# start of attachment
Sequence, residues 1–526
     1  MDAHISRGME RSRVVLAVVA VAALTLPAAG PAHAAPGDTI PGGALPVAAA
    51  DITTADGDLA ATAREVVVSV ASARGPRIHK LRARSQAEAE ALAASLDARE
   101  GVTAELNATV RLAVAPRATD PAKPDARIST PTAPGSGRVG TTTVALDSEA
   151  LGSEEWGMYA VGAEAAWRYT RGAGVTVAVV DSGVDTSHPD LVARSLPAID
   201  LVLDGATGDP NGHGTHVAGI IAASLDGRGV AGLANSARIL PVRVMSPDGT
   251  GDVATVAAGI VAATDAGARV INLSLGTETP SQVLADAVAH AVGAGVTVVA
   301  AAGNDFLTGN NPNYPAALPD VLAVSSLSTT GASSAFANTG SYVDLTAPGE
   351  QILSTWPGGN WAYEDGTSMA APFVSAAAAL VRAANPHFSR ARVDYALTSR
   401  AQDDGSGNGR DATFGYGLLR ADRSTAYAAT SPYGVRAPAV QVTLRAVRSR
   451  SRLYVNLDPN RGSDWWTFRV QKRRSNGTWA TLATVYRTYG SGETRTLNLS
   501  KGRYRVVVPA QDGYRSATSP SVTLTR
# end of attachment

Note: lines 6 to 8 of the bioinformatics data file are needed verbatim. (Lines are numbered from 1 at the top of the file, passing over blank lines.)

   201  LVLDGATGDP NGHGTHVAGI IAASLDGRGV AGLANSARIL PVRVMSPDGT
   251  GDVATVAAGI VAATDAGARV INLSLGTETP SQVLADAVAH AVGAGVTVVA
   301  AAGNDFLTGN NPNYPAALPD VLAVSSLSTT GASSAFANTG SYVDLTAPGE